Journal scan

Behavioural approaches to weight loss do work

Randomised controlled trials compare effects of brief advice and self-help materials, with a long-term weight management programme

Obesity is a major public health issue. An effective strategy for management of obesity is primary care referral to an open-group behavioural programme, but the optimum duration for the programme is uncertain.


Picture: iStock

This randomised controlled trial compared the effect of brief advice and self-help materials, with a weight management programme (Weight Watchers) for 12 weeks (current practice), with the same weight management programme for 52 weeks.

The trial recruited 1267 participants with a body mass index (BMI) of 28kg/m2 or higher from 23 practices in England and followed up for two years. At year one the brief intervention was not effective, with the 52-week programme significantly more effective than the 12-week programme (mean weight loss was 3.26kg, -4.75kg, and -6.76kg respectively).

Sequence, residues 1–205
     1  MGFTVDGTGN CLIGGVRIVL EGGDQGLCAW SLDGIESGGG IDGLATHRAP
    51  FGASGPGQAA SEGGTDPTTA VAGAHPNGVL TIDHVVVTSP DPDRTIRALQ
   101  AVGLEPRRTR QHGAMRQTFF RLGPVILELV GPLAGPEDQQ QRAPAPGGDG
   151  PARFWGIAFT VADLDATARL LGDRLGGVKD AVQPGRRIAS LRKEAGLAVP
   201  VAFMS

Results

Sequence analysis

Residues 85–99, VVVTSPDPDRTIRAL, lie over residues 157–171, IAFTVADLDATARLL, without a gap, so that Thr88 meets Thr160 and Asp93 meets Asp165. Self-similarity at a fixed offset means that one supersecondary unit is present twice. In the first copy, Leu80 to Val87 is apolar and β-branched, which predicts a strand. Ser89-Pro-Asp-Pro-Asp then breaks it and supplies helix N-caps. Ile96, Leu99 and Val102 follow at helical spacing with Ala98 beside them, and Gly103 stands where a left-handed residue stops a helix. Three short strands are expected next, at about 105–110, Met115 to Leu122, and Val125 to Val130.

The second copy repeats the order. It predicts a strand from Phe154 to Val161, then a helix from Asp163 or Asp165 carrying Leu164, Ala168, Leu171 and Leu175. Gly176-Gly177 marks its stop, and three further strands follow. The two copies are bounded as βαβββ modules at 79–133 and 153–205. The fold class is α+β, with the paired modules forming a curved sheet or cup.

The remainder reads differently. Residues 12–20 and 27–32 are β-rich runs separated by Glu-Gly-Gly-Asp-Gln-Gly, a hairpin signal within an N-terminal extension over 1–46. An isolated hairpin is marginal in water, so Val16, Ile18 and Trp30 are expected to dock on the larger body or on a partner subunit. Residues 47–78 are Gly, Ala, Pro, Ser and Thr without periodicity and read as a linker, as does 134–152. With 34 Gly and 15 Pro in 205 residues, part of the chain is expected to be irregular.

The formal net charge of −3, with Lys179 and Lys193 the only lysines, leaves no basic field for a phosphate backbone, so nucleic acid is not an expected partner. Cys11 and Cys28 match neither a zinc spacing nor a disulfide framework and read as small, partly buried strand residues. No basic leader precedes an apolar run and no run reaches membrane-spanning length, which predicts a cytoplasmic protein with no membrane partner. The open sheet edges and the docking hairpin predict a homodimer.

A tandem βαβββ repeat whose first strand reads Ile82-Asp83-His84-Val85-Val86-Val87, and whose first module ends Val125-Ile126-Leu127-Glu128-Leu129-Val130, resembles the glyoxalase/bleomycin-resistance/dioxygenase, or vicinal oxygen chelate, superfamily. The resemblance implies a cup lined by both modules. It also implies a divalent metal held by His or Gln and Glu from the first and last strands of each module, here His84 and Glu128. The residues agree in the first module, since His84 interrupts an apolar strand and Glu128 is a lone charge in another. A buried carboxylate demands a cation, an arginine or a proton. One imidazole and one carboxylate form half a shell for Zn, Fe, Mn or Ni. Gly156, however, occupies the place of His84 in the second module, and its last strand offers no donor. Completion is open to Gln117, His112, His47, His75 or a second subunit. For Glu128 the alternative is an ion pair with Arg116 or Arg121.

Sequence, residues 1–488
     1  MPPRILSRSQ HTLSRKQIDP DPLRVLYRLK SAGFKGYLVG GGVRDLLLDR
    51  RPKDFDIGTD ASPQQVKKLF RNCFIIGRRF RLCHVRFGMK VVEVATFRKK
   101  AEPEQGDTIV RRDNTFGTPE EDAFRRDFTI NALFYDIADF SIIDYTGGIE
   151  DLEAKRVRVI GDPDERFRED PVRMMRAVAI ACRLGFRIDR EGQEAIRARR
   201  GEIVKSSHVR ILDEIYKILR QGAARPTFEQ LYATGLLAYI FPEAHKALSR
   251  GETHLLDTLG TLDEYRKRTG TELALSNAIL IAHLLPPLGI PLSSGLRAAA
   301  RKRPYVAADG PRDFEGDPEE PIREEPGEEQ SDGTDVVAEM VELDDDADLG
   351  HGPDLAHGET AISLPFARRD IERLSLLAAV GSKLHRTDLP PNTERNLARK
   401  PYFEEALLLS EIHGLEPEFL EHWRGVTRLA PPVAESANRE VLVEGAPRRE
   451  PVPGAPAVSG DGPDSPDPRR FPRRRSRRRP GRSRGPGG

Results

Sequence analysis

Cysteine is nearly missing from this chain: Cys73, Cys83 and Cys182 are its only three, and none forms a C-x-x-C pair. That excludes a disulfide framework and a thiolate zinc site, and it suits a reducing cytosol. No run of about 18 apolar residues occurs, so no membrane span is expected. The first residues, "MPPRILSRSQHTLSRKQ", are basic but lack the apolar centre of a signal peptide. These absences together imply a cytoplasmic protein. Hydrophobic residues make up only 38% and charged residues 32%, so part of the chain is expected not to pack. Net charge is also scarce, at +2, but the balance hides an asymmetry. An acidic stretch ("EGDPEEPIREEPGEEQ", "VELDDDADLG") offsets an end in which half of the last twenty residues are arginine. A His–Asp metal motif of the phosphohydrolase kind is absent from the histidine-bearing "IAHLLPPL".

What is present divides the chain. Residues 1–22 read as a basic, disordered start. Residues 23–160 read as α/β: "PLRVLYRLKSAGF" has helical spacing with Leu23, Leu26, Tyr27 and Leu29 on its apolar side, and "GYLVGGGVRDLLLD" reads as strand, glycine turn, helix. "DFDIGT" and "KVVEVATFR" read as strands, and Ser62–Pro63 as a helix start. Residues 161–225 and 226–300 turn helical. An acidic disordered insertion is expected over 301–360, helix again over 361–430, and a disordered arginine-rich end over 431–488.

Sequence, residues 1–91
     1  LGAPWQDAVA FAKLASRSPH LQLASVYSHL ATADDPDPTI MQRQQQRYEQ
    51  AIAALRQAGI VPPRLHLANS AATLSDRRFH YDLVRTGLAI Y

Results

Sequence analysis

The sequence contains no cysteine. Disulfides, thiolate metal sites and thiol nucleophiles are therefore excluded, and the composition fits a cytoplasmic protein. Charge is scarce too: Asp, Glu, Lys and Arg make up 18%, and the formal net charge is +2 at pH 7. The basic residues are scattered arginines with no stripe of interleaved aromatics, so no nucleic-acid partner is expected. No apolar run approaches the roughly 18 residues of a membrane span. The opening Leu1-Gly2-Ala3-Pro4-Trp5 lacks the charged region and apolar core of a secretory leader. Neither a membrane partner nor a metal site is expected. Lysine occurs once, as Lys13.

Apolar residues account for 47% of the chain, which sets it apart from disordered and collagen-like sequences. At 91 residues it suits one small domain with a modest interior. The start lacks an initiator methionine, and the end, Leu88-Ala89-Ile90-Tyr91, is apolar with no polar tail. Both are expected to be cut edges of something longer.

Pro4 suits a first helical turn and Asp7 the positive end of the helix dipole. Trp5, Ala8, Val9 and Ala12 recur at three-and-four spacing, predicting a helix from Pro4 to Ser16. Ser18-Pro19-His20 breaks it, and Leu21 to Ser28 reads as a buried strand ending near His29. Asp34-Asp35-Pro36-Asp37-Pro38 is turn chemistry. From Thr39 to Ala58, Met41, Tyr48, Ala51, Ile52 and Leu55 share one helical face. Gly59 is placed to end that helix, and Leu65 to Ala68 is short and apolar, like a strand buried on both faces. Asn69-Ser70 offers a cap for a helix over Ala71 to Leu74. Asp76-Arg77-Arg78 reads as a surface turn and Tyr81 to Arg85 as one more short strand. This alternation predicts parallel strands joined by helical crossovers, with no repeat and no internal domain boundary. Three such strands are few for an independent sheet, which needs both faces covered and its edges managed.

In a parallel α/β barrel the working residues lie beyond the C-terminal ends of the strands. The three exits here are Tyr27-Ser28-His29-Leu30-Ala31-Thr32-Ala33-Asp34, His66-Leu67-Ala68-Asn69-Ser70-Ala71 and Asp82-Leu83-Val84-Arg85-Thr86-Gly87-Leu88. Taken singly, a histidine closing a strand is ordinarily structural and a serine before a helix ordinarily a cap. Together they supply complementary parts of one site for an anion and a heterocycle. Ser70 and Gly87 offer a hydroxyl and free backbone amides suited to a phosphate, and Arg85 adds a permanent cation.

Differences between groups were still significant at two years. Two-year costs were higher for the 52-week programme (£159 per kg lost vs £91 per kg lost for the 12-week programme) but when modelled over a longer time period were found to be cost effective.

Behavioural programmes are therefore cost-effective for weight management.


Ahern AL, Wheeler GM, Aveyard P, et al (2017) Extended and standard duration weight-loss programme referrals for adults in primary care (WRAP): a randomised controlled trial. The Lancet. doi: 10.1016/S0140-6736(17)30647-5. 

This article is for subscribers only

Jobs